Hello friends! Welcome to Friday! What a difference a week makes. I couldn't imagine having a better start to June, and I hope you are all feeling the same great energy. Two thoughtful reminders from this week: 1) if you feel compelled to do something, do it and 2) take a chance, say "hello!"
I'm sure you are all planning your Saturday schedules around the Belmont Stakes. Post time is 6:50 PM EST, so there should be plenty of daylight available for a few other June shenanigans. As you contemplate and place your bets, I encourage you to take into account "the physiology and biochemistry involved in equine race recovery." Lexi Pandell wrote an amazing piece for Slate providing scientific evidence as to why American Pharaoh will not win. Horses + Science. What's not to love?! Read it.
But, if you are running short on time before your hot date, I've compiled ten fun facts to tide you over. But seriously, read the article. Spoiler alert: there might not be enough glycogen or calcium! Grab a pineapple vodka and may the odds be ever in your favor American Pharaoh!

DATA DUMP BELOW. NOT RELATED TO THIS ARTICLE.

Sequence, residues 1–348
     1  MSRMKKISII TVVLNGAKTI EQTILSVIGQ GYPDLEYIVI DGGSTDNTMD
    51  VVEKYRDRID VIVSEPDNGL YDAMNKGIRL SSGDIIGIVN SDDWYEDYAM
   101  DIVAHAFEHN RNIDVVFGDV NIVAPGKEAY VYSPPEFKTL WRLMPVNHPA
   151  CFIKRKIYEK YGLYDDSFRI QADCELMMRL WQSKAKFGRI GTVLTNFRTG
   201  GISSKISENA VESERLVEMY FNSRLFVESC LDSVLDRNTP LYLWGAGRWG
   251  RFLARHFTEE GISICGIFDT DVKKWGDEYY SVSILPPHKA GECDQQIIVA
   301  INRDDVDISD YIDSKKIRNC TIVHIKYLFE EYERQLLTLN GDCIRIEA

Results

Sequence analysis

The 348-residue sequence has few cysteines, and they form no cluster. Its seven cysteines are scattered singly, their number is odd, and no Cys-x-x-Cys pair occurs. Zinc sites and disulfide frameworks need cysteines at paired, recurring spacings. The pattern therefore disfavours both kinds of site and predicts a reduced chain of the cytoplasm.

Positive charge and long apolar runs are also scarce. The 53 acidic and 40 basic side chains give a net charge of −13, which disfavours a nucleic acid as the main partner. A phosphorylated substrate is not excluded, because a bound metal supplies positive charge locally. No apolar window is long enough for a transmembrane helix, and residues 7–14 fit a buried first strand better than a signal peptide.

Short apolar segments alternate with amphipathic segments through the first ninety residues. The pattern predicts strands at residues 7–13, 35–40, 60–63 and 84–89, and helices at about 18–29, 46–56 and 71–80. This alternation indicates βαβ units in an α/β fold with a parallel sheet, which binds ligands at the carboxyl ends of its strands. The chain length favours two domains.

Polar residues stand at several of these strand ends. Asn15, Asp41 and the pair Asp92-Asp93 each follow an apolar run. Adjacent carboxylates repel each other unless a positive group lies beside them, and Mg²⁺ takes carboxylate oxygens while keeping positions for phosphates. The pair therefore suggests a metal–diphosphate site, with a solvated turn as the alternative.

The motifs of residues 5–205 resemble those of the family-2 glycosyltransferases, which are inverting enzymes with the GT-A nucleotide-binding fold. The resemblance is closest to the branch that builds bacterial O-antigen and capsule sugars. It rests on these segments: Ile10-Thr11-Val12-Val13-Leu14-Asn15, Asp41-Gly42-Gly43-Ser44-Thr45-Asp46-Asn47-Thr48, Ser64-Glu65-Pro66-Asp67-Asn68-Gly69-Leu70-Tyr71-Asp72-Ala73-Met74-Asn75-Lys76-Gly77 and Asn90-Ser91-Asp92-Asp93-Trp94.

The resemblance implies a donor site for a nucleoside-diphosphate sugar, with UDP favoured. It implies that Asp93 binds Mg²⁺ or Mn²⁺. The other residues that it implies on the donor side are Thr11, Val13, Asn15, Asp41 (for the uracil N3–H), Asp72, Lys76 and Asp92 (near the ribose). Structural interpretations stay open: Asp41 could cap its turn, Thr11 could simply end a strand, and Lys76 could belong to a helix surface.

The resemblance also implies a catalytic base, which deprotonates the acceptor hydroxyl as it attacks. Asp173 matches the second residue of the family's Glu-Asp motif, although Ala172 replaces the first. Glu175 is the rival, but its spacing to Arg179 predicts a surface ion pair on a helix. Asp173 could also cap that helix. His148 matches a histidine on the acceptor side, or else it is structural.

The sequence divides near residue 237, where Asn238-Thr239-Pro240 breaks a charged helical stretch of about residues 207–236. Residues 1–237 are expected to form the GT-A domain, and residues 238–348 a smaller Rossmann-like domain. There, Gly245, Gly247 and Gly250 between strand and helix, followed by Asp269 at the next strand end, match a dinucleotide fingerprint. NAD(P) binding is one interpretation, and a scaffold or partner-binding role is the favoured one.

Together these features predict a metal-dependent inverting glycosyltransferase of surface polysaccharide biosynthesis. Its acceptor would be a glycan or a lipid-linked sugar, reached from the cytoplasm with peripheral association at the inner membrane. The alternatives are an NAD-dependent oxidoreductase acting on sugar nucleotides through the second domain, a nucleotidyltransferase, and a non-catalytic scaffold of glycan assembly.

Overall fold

googled: Belmont Stakes fun facts
- Since 1905, the No. 1 post has produced the most winners: 23. (American Pharaoh just won the Preakness from this position. Maybe it could be lucky twice?!)
- Secretariat posted the fastest race time (2:24) in 1973. (Not too shabby for a mile and a half...)
- The Belmont Stakes is the oldest of the Triple Crown races, as its first run occurred all the way back in 1867.
- The white carnation is the traditional flower of the race. The blanket of 300-400 carnations worn by the winner takes 10 hours to put together.
- The Belmont Stakes is the fourth oldest race in North America. The Phoenix Breeders' Cup (The Phoenix Stakes) was 1831, The Queen's Plate (Canada) in 1860, The Travers at Saratoga began in 1864, and the Belmont's first was 1867.
- Five times the Belmont Stakes went off with only two horses in the field -- 1887, 1888, 1892, 1910, and 1920. (The infamous Man o' War won in 192.)
- The largest field contained 15 horses in 1983.
- Post parades were not always a thing. It wasn't until the 5th running (1871) of the Belmont Stakes that this tradition was created.
- Running counterclockwise was not the customary direction, until 1921. Before that year, horses raced clockwise - the traditional direction of English races.
- The first 23 Belmont races (1867-1889) were run a few miles north of Manhattan at Jerome Park, named for Leonard Jerome, maternal grandfather of Winston Churchill.
Perfect! Now you are all set! Below are a few gems from my equestrian days at Boston College. Miss those sassy cats, except the ponies. Don't mess with the ponies. #NapoleonComplex